Party Discipline in the Chamber
Although political parties are key actors in all legislatures, their roles vary enormously. In Great Britain and Argentina, parties are the main players, and the legislative game can be understood with few references to individual deputies. No one would argue that Brazil's legislative parties have the strength of Argentina's Peronists or Britain's Labor Party. Nonetheless, leaders of Brazil's congressional parties organize the legislative calendar, participate in legislative negotiations, and mediate between individual deputies and ministers.
This chapter adapts theories of legislative parties to the Brazilian case. The first section demonstrates that Brazilian presidents, while powerful, are far from dominant. From the administration of José Sarney through the first government of Fernando Henrique Cardoso, most executive proposals come out of the legislature highly modified or fail to come out at all. Why do presidential proposals so seldom emerge unscathed from the Congress? Do party leaders, especially leaders of parties that are nominally part of presidential coalitions, really oppose these proposals? If, instead, party leaders are simply unable to marshal their troops to support these bills, why are backbench deputies so reluctant?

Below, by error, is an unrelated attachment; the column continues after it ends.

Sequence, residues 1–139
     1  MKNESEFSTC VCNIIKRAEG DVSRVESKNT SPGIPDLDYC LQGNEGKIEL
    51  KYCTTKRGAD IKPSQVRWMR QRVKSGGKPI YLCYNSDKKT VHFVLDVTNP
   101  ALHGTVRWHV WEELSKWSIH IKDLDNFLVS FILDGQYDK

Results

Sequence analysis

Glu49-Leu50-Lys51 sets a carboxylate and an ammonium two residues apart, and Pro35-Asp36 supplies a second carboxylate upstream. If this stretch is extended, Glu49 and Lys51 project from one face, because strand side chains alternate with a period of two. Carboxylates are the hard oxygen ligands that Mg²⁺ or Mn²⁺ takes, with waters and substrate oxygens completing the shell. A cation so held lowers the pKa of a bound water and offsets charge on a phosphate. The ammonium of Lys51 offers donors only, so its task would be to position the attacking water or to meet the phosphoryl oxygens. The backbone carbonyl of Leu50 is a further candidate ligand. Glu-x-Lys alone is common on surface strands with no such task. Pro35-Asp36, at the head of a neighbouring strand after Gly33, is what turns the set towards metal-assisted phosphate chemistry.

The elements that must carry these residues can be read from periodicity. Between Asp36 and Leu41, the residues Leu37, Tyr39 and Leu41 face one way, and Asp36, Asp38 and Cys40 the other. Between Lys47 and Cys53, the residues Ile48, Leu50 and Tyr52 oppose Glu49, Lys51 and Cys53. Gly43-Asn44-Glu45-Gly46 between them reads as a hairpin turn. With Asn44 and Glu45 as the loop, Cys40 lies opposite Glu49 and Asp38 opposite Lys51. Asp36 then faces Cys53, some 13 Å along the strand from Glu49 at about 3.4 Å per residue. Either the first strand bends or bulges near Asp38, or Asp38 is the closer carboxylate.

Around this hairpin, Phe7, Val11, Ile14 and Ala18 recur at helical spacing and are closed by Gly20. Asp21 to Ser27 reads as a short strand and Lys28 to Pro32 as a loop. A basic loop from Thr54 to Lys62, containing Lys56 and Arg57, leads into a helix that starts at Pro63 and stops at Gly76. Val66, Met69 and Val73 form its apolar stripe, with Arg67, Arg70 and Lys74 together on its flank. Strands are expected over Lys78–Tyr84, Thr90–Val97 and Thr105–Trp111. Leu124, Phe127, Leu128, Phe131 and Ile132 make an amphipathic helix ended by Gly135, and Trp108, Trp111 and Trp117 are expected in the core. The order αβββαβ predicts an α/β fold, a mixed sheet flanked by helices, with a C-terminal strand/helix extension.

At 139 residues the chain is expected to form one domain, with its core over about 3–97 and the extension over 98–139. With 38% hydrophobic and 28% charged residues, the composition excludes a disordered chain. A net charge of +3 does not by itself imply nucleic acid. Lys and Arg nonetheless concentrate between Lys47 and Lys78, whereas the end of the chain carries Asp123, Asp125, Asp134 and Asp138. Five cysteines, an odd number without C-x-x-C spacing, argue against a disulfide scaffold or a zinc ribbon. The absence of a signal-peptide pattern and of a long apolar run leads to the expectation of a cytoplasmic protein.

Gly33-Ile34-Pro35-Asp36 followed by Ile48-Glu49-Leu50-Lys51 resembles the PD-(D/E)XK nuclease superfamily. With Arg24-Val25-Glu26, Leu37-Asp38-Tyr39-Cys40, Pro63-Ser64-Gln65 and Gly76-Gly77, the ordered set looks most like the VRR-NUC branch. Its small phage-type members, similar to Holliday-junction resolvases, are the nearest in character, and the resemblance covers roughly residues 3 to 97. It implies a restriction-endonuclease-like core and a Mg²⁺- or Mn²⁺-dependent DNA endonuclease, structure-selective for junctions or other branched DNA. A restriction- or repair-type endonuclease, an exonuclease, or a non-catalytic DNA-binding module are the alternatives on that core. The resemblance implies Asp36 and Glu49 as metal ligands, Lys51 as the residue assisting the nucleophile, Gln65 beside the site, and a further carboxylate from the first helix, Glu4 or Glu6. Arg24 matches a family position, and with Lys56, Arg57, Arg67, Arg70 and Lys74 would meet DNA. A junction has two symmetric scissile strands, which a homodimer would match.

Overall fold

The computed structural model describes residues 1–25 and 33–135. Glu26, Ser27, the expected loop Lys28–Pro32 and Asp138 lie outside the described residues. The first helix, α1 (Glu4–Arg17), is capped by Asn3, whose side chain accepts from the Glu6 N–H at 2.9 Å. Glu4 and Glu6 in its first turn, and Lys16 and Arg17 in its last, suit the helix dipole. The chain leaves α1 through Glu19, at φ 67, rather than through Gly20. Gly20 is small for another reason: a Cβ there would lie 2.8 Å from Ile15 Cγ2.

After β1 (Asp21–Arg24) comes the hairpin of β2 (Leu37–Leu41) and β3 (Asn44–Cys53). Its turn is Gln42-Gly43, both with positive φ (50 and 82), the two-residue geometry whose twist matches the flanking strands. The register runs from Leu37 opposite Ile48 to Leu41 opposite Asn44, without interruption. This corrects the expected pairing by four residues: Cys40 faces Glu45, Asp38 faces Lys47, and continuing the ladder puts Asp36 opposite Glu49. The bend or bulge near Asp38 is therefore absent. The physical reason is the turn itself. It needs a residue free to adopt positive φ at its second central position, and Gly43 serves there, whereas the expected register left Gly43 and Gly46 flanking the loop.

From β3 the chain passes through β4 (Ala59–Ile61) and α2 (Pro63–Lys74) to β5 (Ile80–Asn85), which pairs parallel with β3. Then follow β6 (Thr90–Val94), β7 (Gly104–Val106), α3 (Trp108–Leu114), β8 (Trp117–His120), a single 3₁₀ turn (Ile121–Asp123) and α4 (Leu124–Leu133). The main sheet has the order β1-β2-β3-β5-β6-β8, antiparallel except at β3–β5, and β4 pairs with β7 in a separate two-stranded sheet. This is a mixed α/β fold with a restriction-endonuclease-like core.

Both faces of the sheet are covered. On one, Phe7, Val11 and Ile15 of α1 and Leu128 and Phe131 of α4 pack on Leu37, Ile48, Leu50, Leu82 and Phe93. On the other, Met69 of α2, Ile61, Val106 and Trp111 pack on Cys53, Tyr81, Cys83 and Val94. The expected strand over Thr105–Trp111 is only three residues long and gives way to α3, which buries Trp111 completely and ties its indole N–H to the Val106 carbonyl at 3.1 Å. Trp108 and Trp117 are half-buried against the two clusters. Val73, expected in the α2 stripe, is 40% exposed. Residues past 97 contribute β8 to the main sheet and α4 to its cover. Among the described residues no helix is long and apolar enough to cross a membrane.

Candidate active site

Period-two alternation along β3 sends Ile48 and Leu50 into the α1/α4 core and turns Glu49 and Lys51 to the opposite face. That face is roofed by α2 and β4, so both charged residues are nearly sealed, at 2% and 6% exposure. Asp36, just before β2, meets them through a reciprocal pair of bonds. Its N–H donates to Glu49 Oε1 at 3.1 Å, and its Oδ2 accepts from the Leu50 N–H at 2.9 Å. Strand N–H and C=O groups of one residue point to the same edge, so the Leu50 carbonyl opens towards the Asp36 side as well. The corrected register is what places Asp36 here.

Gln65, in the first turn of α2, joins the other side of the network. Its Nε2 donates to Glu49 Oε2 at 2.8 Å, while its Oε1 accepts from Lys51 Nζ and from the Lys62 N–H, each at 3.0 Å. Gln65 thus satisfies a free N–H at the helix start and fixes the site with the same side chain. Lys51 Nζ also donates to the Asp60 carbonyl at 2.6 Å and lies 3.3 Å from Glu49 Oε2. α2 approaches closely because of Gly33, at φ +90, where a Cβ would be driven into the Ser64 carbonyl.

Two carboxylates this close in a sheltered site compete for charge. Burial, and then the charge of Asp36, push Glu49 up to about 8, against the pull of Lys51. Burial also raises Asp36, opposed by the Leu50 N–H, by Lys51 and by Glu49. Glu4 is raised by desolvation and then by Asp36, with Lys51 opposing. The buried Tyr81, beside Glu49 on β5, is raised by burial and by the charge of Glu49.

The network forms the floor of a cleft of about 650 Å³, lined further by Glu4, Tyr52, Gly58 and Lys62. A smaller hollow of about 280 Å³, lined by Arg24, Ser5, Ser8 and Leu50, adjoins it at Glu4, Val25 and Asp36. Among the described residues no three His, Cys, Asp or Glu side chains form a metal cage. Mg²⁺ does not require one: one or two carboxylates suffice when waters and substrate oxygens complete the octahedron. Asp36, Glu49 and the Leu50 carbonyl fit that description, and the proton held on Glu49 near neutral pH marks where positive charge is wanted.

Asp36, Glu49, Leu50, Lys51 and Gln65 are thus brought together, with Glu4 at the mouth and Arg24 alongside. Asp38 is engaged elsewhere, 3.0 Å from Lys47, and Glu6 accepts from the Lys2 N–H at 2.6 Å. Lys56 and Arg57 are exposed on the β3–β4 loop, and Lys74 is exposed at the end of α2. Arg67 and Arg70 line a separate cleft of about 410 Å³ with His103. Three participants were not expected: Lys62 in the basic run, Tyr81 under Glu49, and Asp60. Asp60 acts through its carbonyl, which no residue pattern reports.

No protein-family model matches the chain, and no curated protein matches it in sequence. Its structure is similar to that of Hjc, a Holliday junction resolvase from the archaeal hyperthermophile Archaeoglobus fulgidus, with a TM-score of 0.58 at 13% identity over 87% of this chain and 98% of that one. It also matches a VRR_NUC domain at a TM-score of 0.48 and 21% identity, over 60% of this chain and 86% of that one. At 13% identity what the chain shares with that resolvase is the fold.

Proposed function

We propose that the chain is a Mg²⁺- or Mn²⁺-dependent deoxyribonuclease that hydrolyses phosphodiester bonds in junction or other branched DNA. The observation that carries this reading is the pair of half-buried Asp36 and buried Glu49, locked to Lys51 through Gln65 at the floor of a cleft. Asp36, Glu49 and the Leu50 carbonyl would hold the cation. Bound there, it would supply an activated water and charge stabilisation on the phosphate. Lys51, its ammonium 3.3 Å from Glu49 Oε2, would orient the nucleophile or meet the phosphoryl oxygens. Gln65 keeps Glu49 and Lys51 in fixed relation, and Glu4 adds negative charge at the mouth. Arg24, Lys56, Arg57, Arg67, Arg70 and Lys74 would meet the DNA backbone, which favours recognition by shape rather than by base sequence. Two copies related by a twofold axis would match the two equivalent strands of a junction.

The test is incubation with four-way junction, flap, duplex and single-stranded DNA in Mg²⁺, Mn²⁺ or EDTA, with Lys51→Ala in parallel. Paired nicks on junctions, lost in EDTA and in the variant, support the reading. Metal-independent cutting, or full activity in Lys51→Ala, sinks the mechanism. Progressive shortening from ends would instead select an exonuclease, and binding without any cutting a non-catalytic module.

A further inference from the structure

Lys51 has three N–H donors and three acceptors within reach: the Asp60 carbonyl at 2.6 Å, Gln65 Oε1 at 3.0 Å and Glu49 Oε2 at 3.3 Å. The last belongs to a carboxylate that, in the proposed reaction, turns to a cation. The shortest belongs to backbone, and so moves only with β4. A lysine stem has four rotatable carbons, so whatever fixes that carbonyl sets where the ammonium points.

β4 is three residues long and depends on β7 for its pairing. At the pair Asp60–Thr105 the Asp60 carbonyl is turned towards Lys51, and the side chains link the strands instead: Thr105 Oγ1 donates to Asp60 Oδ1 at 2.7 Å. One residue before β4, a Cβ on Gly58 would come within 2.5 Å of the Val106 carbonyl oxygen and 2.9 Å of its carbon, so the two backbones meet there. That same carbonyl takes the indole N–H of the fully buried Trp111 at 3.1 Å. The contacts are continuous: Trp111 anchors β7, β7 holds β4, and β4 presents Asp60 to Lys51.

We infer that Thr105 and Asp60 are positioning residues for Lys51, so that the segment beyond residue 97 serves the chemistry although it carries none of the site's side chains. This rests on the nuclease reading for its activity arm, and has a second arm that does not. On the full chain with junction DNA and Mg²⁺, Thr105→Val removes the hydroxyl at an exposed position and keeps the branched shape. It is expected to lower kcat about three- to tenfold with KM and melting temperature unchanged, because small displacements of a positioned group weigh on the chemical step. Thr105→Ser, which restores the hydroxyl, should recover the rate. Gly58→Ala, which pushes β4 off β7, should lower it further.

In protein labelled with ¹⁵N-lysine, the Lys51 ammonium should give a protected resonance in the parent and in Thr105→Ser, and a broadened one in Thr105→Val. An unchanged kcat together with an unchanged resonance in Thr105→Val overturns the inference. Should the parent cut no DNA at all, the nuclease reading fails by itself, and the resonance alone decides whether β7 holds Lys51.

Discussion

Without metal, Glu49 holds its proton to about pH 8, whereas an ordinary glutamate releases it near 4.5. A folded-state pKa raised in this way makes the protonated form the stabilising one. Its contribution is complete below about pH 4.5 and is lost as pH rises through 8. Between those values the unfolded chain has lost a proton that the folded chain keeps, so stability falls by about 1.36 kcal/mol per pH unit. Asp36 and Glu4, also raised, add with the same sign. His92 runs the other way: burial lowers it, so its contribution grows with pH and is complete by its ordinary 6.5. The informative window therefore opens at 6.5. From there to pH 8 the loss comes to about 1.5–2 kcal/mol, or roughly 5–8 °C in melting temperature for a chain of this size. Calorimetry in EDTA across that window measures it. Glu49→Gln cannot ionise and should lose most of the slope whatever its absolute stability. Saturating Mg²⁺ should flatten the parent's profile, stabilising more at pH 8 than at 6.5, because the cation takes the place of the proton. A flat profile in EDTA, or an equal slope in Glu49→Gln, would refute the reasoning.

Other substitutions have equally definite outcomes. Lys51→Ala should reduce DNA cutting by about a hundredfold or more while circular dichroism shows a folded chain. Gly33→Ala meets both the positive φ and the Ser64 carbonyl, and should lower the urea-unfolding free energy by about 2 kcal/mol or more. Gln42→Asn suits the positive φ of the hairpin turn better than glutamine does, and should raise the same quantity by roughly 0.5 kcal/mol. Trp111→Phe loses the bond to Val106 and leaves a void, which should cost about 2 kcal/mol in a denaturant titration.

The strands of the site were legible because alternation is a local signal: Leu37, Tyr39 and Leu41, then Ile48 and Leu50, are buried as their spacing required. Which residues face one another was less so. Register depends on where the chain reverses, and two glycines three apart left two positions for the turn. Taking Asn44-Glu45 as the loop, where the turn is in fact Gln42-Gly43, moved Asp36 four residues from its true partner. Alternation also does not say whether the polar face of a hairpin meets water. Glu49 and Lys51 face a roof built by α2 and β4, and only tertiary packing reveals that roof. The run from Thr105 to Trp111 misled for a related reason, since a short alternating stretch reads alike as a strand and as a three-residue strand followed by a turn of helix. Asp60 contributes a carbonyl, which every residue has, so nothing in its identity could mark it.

The answers lie in the nature of Brazil's legislative parties. The second section reviews the theoretical literature on legislative parties, a literature based mainly on the U. S. experience. This dscussion demonstrates that Brazil ought to be a case of “conditional party government. ” Given Brazil's electoral rules and its federal structure, influence should flow from the bottom up, from party members to leaders, not from the top down. Arguments about the flow of influence in legislative parties depend, in the final analysis, on leaders' ability to compel backbenchers to follow their lead. The third section utilizes roll-call votes to test a multivariate model of the